James L. Waters
The information listed below is current as of the date the transcript was finalized.
Abstract of Interview
James L. Waters begins his interview by discussing his family history and the emigration of his ancestors from England to Massachusetts in 1638. Waters was born in Lincoln, Nebraska in 1925, where his father, Leland L. Waters, worked at the family insurance business. Waters describes himself as an independent child, who preferred to do things on his own without the help of his parents, something he feels was critical in his success as a businessman. As a youth, Waters participated in little league football and maintained a paper route, a job that enabled him to gain a sense of independence. During Waters' junior year of high school, his father was offered a position as the treasurer of the B&W Bus Line, an opportunity that took the Waters family to Framingham, Massachusetts. Waters graduated from Framingham High School in 1943 and enrolled at Massachusetts Institute of Technology, where he became a member of the Navy's V-12 program for engineering. Waters was sent to Columbia University to continue his studies as a physics major at the end of his second term. He was then discharged from the Navy and entered the University of Nebraska. In 1947, Waters accepted a position as project manager's assistant at Baird Associates Inc. and was soon promoted to project manager, working as an assembler and service man on various instrumentation. Waters, however, felt unfulfilled, and after a short while, decided the time was right to start his own instrumentation company. At the age of twenty-two, Waters founded James L. Waters, Inc., working from his parents' basement. At the same time, Waters met Faith Pigors, whom he married in 1948. In spite of his lack of experience and naiveté in business, Waters' sheer determination to succeed enabled him to overcome the many obstacles that occurred while working on his first instrument, an infrared gas analyzer. Waters sold James L. Waters, Inc. to Mine Safety Appliances Company in 1955, but continued his work on instrumentation in a contract capacity with Mine Safety. Waters founded Waters Associates, Inc. in 1958, and shortly afterwards began to delve into the field of gel permeation chromatography (GPC). As Waters Associates' GPC instruments evolved, the company experienced phenomenal growth and in eight years managed to double its profits, many times over. The business began to decline due to R&D problems, so Waters Associates merged with Millipore Inc. in 1977. After conflicts with the Waters Associates board, Waters left the company to become the director of Millipore and, finally, a venture capitalist. Waters concludes the interview with a discussion of his wife and children and their careers.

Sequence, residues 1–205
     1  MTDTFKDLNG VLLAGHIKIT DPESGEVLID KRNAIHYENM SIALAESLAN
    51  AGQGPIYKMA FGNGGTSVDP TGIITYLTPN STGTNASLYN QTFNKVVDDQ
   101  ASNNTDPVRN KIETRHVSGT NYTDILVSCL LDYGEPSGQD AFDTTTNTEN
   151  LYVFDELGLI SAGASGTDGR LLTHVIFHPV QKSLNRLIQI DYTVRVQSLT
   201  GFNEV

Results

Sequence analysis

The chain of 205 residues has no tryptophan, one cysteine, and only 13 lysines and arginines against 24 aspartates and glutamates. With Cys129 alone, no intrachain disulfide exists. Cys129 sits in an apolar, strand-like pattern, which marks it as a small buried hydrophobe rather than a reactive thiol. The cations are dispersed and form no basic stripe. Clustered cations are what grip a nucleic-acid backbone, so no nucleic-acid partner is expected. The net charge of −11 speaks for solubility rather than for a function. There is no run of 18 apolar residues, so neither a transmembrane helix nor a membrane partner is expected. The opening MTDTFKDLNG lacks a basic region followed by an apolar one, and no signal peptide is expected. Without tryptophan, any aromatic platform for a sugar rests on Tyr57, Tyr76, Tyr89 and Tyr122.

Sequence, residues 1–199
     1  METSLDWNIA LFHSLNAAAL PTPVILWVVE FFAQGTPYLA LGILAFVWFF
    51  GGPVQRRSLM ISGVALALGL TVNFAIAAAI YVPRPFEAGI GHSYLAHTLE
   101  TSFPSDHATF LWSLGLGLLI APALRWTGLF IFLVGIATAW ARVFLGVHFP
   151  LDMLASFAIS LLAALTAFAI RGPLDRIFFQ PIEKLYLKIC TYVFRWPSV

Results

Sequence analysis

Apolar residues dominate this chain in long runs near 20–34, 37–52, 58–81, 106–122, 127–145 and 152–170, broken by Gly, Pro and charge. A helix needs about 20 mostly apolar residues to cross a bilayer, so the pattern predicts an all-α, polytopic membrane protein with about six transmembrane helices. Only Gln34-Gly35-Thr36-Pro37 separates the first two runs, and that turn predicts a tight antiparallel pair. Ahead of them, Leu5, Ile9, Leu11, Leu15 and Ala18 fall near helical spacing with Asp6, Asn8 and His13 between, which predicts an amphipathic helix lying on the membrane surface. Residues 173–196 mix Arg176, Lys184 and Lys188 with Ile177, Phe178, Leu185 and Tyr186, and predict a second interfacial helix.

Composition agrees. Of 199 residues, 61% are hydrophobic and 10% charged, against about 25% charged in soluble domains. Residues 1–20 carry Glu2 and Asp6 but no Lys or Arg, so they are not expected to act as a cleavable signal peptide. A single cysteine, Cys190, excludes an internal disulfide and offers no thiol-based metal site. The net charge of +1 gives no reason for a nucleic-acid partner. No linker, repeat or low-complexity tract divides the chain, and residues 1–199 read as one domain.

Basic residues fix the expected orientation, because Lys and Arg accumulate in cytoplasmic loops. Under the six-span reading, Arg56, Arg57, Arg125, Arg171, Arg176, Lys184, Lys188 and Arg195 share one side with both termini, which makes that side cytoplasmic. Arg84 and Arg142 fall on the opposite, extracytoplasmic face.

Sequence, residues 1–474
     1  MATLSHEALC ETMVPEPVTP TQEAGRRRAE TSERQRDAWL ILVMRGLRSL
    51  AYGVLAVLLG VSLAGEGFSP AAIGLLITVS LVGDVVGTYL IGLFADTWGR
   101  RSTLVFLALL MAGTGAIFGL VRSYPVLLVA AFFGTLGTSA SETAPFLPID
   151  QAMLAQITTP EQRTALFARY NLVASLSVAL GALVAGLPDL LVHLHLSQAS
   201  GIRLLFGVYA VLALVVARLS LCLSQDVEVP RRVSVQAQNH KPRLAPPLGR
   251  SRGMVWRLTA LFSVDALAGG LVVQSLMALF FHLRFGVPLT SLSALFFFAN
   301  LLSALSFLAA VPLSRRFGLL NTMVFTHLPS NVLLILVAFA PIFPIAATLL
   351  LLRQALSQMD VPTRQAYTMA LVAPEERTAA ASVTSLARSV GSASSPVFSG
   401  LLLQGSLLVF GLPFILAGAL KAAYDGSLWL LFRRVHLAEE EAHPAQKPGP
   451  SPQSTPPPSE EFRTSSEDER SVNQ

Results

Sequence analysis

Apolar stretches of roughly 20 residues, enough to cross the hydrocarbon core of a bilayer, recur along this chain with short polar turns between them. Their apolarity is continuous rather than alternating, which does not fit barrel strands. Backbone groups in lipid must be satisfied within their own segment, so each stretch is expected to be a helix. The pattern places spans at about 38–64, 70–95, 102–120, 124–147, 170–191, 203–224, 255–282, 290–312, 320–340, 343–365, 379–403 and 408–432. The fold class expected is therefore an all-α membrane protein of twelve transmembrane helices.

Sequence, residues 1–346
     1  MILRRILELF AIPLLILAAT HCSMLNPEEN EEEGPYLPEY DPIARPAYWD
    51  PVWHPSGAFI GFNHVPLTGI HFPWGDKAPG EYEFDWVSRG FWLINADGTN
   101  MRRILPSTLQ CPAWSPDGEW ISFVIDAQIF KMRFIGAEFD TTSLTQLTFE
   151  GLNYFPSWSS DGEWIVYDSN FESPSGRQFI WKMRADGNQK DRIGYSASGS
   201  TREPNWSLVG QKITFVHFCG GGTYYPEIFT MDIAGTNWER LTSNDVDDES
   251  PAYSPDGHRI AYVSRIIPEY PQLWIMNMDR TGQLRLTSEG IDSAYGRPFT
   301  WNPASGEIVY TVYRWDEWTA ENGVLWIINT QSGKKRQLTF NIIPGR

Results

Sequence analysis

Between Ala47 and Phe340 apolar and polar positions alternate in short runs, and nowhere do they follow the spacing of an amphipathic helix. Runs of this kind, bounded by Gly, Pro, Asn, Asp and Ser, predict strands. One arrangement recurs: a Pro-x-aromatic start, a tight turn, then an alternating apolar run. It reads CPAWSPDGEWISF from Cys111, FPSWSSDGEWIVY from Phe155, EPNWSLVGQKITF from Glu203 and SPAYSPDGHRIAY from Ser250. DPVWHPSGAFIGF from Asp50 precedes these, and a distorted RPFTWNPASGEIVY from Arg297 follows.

|1946||Columbia University||BS||Electrical Engineering|
Baird Associates, Inc.
James L. Waters, Inc.
Waters Associates, Inc.
Waters Enterprises, Inc.
DSc (honorary), Northeastern University
Table of Contents
Paternal genealogy. Great-grandfather participation in Sherman's March. Grandfather as a Lincoln, Nebraska grocer. Father's involvement in the family insurance business. Bankruptcy. Maternal genealogy. Paul T. Babson. Move to Framingham, Massachusetts. Remembrances of mother. Childhood. Influence of women throughout life.